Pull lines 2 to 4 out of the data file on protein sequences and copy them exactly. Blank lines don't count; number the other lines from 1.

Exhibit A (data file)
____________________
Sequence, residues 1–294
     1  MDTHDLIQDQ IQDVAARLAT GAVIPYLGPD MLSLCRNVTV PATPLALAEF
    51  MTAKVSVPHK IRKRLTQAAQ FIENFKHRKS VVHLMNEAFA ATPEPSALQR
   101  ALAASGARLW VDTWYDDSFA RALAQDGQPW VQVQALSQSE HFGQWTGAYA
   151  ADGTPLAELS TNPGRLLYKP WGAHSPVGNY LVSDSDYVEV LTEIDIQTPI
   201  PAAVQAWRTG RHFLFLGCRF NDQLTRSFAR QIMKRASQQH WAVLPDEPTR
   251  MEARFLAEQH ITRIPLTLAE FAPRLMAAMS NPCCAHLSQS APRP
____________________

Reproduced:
     1  MDTHDLIQDQ IQDVAARLAT GAVIPYLGPD MLSLCRNVTV PATPLALAEF
    51  MTAKVSVPHK IRKRLTQAAQ FIENFKHRKS VVHLMNEAFA ATPEPSALQR
   101  ALAASGARLW VDTWYDDSFA RALAQDGQPW VQVQALSQSE HFGQWTGAYA